Mississippian Moundbuilders Art on Display Online

Mike Ruggeri’s Mississippian Moundbuilders Art Portfolio is an online exhibit showcasing the artistry of Native Americans living in the Midwest and Southeast. The online exhibit features Mississippian head pots, human effigy vessels, pottery, smoking pipes, shell art, and chunkey stones. The showcase also features Mississippian iconography which shows how the Native American cultures represented themselves.

The exhibit can be seen online here: Mike Ruggeri’s Mississippian Moundbuilders Art Portfolio

Native American artifacts on Pascagoulas Greenwood Island date to 1000 B.C

Greenwood Island on the western side of Bayou Casotte in Pascagoula has long been known for its Native American history. Now, archaeologists have dated that history to 1000 B.C., and said that pottery shards found there are the oldest known specimens uncovered on the Mississippi coast.

The findings were released by Carey Geiger, president of the Southwest Chapter of the Alabama Archaeological Society, based on his study of artifacts recovered from the island over 40 years by an unnamed Pascagoula searcher and during a 1997 excavation by University of South Alabama archaeologists from Mobile.

Geiger, a retired chemist with the Pascagoula Chevron Refinery, has been volunteering with the university’s Center for Archaeological Studies since 2006.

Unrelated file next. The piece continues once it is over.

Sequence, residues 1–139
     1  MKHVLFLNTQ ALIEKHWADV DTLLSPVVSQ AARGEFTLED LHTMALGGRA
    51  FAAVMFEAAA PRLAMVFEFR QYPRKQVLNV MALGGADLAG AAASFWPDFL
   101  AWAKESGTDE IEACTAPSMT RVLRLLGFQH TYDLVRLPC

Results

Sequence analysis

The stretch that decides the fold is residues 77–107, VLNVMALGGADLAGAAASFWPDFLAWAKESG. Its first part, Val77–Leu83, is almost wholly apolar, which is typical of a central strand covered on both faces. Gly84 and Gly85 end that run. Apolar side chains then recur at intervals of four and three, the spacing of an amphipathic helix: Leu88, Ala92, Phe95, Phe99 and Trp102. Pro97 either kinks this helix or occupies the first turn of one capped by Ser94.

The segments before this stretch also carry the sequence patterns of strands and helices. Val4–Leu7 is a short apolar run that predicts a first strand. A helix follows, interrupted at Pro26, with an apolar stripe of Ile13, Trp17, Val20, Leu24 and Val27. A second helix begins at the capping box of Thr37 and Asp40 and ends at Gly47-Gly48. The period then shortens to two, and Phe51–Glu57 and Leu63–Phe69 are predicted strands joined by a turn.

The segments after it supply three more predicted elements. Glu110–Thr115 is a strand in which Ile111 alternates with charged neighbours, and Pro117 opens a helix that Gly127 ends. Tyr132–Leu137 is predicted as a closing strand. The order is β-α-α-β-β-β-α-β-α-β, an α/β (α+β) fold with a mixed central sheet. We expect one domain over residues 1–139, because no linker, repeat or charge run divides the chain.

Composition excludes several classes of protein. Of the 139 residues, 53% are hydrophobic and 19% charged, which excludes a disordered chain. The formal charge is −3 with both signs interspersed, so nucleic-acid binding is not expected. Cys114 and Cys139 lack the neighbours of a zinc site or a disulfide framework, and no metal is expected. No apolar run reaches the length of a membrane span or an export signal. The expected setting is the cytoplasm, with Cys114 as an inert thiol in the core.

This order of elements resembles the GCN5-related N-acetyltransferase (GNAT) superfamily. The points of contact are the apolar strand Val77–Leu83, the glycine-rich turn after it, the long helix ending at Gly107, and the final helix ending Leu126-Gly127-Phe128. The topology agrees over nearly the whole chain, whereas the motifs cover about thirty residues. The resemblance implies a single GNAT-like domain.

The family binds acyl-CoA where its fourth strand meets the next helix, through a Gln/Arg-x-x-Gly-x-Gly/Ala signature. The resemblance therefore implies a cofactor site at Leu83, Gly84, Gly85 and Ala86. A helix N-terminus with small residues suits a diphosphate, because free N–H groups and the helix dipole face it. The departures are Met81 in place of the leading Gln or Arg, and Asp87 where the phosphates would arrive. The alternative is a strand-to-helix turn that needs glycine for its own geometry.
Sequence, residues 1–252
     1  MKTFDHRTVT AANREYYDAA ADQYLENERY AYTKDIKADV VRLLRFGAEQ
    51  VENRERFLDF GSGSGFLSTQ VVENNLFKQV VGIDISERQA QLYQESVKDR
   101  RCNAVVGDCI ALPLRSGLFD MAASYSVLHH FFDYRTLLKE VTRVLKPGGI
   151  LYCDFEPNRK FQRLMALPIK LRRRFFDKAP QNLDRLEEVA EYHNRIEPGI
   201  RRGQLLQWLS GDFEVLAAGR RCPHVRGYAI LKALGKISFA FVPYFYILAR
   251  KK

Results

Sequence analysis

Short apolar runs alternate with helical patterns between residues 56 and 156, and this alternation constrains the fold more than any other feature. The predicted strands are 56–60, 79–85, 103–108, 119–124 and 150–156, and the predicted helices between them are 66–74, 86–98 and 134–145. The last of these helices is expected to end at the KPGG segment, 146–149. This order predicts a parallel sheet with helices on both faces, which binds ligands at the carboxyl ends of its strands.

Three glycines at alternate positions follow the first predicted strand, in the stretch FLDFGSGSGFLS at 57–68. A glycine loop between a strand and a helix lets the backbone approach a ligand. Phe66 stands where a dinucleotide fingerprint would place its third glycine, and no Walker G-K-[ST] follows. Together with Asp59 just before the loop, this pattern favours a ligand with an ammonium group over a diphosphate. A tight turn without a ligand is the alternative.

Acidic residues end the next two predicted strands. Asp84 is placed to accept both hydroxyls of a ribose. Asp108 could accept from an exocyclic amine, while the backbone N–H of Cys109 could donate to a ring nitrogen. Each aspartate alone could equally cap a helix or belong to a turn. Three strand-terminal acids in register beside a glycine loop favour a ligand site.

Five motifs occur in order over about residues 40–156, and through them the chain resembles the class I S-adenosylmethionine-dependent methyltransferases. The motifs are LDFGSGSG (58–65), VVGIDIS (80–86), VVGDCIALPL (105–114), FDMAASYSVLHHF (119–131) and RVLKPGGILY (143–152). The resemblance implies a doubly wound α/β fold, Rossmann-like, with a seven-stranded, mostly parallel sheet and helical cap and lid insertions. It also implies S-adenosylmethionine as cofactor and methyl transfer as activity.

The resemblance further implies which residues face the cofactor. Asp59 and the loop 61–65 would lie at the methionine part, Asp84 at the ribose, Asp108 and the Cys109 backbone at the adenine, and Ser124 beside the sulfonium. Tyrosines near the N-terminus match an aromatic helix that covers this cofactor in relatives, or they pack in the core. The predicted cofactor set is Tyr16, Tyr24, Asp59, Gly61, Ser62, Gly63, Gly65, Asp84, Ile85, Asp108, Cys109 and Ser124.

Geiger discussed his study during a presentation last week at the university, showcasing several of the artifacts, which include arrowheads and pieces of pottery.

Charcoal found with the pottery, discovered in the basal-clay layer of soil, was carbon dated to 1000 B.C., Geiger said.

“We traced it back to what we call the Norwood series of pottery,” also discovered in digs in northwest Florida, Geiger said. “It was the first Indian ceramics in this area, called fiber-tempered,” he said.

He explained that fiber-tempered pottery is created of clay and, most likely, Spanish moss and then heated by fire.

Geiger believes that the findings provide a key insight into Greenwood Island’s past.

“According to field notes, it was found only with oyster shell, charcoal and dirt,” he said. “It was right on the basal clay, which would indicate they were the first people there.”

The island is also historically significant in the context of the U.S. military. In 1848, the Army, returning from the Mexican-American War, chose Greenwood Island as a camp and hospital due to overflow from New Orleans. It was named Camp Jefferson Davis, and Geiger said as many as 20 soldiers may be buried there, based on an 1895 report by the government.